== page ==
Buke and Gase – Function Falls EP

November 4, 2012 No comments
Written by Dustin Cordeiro


From the sound of Function Falls, the new EP by Brooklyn-based band Buke and Gase, you’d probably have no idea that they’re a two-piece. With stomping percussion and loud “buke” (bass + ukulele) riffs, their songs sound meaty enough to be backed up by at least a quartet. And the fact that all that ruckus is made by two people stamping their feet and strumming away on homemade instruments (which they call “Frankensteinian”) makes their beautiful noise all the more impressive.

But what’s more impressive about this EP is that most of the songs were completely improvised. As an “experiment in writing processes,” Buke and Gase set out to write a song per day for a week, and ended up falling a bit short, but still came out with three solid original songs. The first of which, “Misshaping Introduction,” is an eerily tense track with dark guitar tones and ghostly vocals. The band describe the song as a gourmet “dessert dish” you’d probably get at a fancy restaurant, but it feels much more subversive than this – like an entrée item that you can’t even pronounce, much less understand, but for some reason it’s the only thing on the menu that you’re drawn to.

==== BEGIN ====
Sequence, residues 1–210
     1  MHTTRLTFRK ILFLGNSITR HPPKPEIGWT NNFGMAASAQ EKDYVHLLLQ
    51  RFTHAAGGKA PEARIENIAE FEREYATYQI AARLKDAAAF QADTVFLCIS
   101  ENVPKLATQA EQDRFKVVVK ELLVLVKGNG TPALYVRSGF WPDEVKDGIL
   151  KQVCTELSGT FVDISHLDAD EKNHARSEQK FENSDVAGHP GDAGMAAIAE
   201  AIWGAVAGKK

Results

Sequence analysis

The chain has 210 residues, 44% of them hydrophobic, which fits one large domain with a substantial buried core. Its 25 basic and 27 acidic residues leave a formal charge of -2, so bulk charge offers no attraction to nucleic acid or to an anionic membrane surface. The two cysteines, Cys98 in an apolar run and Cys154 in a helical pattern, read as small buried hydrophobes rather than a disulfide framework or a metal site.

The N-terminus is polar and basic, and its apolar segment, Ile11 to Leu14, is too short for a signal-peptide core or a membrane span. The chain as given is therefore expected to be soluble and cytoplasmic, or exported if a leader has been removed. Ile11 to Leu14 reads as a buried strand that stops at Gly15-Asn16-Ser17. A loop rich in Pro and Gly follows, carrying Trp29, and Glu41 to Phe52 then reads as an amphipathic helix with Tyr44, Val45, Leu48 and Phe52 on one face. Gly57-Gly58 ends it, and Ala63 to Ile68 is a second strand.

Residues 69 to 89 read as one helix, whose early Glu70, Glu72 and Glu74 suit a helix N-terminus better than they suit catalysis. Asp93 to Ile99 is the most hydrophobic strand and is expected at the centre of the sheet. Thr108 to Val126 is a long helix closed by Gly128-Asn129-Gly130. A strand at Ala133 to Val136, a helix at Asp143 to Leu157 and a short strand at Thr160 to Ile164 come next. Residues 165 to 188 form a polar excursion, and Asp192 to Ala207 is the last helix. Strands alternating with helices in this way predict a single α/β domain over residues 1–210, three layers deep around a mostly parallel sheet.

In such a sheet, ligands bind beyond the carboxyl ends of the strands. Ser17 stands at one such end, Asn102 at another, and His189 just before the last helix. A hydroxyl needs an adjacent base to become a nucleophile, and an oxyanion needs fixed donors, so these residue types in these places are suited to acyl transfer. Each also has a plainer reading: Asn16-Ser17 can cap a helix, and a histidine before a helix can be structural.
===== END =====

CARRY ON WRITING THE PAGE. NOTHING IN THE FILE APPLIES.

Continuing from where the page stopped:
“Tending the Talk” is a “to the note” recreation of an improvisation, which is surprising because it comes off as perhaps the most structured song on the EP and has the closest thing we get to a hook, with the line “This heart is not too hard to guarantee.” The razor-sharp harmonics draw you into the track until lead singer Arone Dyer’s voice cuts in and guides us through the layers of noise and catharsis.

The empirical point of Function Falls is saved for last with their cover of New Order’s new-wave classic, “Blue Monday,” which inspired the songwriting process they used for the rest of the EP. The original song’s iconic bassline is reimagined on the “gase” (guitar + bass) and becomes the perfect breeding ground for Buke and Gase’s experimental nature as they paint their instruments with effect pedals until they shine like synths.

I don’t know many other bands that can make a collection of improvised songs sound so well-crafted while still retaining the raw expressiveness that comes with creating music on the spot. Function Falls works not only as a short collection of highly accessible songs, but as a testament to Buke and Gase’s creative process, asserting their command over structure and fluidity and proving that the two don’t always have to be mutually exclusive.


Buke and Gase will release a full-length album, General Dome, on January 29, 2013 on Brassland.


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